PI application no. 7905083 in turn describes the preparation of mixed alumina-magnesium chloride supports where alumina is impregnated with magnesium chloride at a rate of 5.75% by weight of the alumina, dissolved in an alcohol solution, the alcohol being evaporated after the impregnation. In Table 1 hereof figures are given to show that upon reducing the magnesium chloride content on the alumina and varying the quantity of titanium attached to the support, the plotting of yield and specific activity provides a Gauss-type curve, which parameters increase when the halide content rises from 0.5:1 alumina/halide to 9:1 of halide, and diminishes when the halide proportion present is as little as 19:1 to 49:1.

Like known processes this invention employs a solid catalytic support of alumina-magnesium chloride, the features peculiar to it arising from the fact that the alumina on which the halide is supported is the applicant's proprietary alumina, referred to in patent no. 8005302, the method for preparation of which imparts to it special activity characteristics, one of these being the exceptionally high volume of pores which together with a high surface area leads to polymers of heavy molecular weight, while other characteristics of the mixed support are brought about by the preparation process used for the solid alumina-magnesium chloride support, as will be disclosed below.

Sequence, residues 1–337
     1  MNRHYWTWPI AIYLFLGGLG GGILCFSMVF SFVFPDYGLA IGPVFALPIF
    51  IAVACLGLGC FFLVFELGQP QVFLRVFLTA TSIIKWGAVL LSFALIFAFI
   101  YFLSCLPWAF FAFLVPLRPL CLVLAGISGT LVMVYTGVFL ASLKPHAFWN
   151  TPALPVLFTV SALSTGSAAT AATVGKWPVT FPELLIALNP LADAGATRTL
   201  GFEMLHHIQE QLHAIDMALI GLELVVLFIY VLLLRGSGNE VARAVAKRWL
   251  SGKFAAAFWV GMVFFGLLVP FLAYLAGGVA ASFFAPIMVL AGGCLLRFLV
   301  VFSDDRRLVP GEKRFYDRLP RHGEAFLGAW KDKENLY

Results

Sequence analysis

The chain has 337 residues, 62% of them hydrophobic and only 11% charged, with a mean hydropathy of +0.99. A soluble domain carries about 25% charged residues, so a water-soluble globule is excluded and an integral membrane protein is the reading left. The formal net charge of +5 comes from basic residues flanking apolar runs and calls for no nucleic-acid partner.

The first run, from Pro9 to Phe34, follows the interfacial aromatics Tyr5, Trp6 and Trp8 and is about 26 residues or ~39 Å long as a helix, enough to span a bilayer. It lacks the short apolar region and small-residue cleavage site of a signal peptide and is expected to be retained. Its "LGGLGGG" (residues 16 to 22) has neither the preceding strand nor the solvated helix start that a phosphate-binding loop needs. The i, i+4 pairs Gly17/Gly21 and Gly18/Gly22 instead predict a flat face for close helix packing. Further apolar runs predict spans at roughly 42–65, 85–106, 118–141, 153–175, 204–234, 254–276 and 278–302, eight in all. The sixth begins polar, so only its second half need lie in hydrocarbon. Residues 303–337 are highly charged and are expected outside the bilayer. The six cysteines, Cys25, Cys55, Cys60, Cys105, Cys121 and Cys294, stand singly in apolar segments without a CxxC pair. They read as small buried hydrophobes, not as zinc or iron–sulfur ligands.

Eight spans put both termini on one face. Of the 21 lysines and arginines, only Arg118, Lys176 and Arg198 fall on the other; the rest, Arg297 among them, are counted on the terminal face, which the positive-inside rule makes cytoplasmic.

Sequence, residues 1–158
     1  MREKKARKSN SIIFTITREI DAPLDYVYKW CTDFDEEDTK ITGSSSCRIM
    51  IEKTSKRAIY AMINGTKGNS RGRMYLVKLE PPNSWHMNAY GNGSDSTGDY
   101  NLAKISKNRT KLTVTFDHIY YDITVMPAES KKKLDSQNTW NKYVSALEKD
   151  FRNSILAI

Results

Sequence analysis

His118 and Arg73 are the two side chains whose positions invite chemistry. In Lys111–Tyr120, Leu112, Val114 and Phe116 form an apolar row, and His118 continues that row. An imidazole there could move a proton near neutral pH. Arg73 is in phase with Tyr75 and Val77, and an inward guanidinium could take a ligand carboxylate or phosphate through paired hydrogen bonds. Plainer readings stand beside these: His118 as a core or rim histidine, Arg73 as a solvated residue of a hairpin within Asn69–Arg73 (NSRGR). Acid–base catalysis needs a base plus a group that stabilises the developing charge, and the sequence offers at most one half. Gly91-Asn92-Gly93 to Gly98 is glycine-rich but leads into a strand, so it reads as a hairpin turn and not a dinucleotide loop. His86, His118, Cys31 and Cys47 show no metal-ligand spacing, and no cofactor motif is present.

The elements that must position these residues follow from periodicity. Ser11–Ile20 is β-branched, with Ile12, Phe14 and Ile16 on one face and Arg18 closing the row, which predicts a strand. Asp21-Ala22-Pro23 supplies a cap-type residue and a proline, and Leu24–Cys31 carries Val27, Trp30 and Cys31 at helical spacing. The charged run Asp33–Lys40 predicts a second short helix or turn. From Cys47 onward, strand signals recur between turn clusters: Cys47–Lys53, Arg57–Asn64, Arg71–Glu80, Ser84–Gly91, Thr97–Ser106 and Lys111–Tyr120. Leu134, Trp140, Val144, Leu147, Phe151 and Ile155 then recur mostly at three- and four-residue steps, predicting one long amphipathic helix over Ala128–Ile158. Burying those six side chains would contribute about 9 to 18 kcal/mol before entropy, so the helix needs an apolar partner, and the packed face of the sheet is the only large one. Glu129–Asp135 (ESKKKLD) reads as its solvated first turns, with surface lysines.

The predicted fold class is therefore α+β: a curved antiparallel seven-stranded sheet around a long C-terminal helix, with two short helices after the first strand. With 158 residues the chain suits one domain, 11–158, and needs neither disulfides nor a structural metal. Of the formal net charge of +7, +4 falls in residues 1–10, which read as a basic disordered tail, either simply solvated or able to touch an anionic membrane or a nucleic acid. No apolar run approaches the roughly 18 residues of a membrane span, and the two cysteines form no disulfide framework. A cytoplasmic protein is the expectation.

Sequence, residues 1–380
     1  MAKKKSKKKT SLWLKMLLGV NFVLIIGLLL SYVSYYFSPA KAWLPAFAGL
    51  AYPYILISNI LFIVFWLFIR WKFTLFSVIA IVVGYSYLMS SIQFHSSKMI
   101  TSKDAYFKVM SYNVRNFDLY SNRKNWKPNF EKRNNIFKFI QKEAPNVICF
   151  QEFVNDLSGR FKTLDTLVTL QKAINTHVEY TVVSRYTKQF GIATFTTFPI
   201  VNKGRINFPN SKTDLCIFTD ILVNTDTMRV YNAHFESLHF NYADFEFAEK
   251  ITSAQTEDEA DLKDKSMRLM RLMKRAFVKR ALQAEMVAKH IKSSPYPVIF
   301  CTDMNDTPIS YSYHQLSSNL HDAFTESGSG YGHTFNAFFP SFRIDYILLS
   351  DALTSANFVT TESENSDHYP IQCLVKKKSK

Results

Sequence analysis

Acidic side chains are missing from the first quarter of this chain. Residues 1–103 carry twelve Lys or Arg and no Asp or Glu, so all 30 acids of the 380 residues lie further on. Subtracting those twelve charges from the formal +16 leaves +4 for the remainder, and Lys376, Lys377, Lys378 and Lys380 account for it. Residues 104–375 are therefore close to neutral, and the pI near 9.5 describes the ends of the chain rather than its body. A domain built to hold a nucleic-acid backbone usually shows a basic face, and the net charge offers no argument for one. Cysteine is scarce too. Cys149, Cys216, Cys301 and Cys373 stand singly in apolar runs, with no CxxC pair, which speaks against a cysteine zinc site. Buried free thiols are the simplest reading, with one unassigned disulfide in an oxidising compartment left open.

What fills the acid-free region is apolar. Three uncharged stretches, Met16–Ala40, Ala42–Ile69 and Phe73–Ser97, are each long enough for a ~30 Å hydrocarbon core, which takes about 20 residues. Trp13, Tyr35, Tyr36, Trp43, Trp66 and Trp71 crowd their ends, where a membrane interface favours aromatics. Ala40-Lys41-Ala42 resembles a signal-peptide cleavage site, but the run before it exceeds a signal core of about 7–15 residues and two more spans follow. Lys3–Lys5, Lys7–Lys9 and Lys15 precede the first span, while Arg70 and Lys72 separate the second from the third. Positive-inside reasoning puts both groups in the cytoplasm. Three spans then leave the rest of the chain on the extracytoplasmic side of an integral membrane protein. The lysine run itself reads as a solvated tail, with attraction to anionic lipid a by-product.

Thus, one object of this invention is to prepare a catalytic support and Ziegler type catalyst suitable to polymerize ethylene, along with molecular weight control and molecular weight distribution control, and a high proportion of heavy molecular chains. These characteristics are due to the different types of active sites created by the supports.

Another object of this invention is, by varying the content of magnesium in the support, to estimate with some degree of accuracy the end properties of the resulting polyethylenes, so as to obtain resins of completely controlled physical and mechanical properties.

Still another object is to reach a high catalytic activity rate without having to eliminate any metals or chloride form the polymer.